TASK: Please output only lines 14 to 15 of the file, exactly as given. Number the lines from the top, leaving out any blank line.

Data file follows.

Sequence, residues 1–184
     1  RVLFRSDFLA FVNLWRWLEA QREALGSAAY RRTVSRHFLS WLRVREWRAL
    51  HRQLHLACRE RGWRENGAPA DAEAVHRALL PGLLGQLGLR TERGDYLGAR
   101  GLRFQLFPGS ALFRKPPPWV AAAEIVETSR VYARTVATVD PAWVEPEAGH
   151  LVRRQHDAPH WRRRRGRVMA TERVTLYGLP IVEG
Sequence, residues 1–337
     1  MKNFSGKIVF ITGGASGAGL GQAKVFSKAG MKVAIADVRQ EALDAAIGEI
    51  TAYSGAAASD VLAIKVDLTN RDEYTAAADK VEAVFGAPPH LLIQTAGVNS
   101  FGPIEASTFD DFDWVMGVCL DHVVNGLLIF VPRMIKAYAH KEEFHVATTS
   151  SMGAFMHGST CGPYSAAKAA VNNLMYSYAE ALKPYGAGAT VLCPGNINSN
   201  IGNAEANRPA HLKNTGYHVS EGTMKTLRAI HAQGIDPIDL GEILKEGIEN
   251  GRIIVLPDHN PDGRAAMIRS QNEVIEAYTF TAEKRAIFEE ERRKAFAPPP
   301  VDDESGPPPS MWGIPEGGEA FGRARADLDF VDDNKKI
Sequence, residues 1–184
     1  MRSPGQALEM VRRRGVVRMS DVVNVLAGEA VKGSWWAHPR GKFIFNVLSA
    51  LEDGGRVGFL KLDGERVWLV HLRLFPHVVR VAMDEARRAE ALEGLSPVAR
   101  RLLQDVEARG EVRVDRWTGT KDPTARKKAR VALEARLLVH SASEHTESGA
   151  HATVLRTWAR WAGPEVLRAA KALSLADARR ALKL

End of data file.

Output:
Sequence, residues 1–184
     1  MRSPGQALEM VRRRGVVRMS DVVNVLAGEA VKGSWWAHPR GKFIFNVLSA